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New study to show how our body clock controls disease

New treatments for inflammatory lung diseases and a host of other conditions could be developed following a study into the impact of circadian rhythms - or body clock.

In a partnership between The University of Manchester, the NIHR Manchester Biomedical Research Centre and GlaxoSmithKline (GSK), a team of scientists will investigate how our biological clock controls inflammation in lung diseases such as Chronic Obstructive Pulmonary Disease (COPD). It is hoped that this project, worth more than £500,000, will lead to the development of new drugs which will target how the internal body clock regulates the severity of inflammation.

The Manchester team is headed by Professors Andrew Loudon, David Ray and Kath Else, and they will work closely with colleagues in the Discovery Biology group at GSK. Inflammatory diseases of the lung are a major cause of mortality world-wide. In the case of COPD, the progression of this inflammatory disease is irreversible once commenced. In the UK 27,478 people died as a result of COPD in 2004. Other diseases with an inflammatory aspect include asthma, which is a predisposition to chronic inflammation of the lungs in which the airways are reversibly narrowed. This disease affects 7% of people in the US, 6.5% in the UK and 300 million people worldwide, and causes 4,000 deaths a year in the US.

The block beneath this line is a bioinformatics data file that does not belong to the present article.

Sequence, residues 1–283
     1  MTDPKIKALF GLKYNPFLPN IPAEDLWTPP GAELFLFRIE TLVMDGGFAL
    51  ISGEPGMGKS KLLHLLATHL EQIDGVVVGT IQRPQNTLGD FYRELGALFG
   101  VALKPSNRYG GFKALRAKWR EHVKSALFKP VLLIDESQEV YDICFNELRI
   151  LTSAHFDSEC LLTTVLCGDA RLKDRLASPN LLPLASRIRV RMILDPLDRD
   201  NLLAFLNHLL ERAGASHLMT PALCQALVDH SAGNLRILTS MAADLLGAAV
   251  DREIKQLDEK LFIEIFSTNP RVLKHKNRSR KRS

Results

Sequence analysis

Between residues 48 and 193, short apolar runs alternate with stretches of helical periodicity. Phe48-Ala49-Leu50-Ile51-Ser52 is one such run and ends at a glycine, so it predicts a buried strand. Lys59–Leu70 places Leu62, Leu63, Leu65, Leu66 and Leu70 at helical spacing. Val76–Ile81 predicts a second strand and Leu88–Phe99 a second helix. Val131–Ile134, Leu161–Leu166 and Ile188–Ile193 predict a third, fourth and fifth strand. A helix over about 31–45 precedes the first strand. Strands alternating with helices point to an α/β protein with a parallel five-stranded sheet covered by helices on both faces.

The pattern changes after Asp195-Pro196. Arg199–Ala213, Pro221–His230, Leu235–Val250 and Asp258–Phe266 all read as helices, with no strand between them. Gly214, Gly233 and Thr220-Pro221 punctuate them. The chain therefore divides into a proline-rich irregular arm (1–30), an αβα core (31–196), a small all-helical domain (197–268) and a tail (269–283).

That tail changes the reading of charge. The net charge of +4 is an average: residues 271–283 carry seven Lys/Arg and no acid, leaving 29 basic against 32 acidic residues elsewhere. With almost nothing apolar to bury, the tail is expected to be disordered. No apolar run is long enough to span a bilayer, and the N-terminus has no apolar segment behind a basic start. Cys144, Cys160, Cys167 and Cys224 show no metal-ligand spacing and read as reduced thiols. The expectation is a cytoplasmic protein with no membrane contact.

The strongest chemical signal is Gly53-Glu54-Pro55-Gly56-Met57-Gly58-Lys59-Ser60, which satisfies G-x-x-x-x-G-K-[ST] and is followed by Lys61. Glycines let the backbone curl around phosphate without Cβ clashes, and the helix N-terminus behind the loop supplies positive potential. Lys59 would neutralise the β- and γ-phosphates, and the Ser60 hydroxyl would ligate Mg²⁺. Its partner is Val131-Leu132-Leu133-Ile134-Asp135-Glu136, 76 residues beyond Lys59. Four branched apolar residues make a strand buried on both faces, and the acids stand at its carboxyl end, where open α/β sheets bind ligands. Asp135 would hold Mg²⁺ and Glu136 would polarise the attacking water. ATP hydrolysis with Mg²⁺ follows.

In order to develop the drugs, the team will first study the mechanisms whereby the circadian clock controls the magnitude of the local inflammatory response; that is, the genes and pathways that connect the clock to the cells responsible for the immune response in the lungs. Professor Loudon, of the Faculty of Life Sciences, explains: "Many inflammatory diseases are highly rhythmic in presentation and often worse at night."

"We believe there is also a strong rhythmic control. It has long been speculated that asthma and other inflammatory conditions have an underlying clock mechanism controlling the severity of the disease. These clocks are all over the body, including in cells responsible for the immune response in the lung. In addition the way we metabolise drugs is highly rhythmic.

"Our aim is to gain a sufficient understanding of this process so we can target key parts with specific new drugs. "We are working with GSK not only to develop new drugs to alleviate symptoms but also reveal optimal timing of therapy, known as chronotherapy. This is a new and exciting area of research. It is being taken very seriously in France, for example, where researchers have for some time been studying the importance of timing of chemotherapy in cancer."

He adds: "After a decade of research into the area you don't have to explain to anyone what the circadian clock is these days, which is a very good thing. But in the last three years we have gone further, developing very strong links between the basic science and its clinical application. "We have detailed insight into how the molecular cogs of the clock work, drive cells and physiology. We have been looking at it organ by organ, cell by cell, unraveling how the clock drives the biology of the organism. Many diseases are rhythmic, so it's no surprise that when the circadian rhythm is disrupted it is associated with altered physiology. "This study is just one at the beginning of an exciting new phase in circadian rhythm research."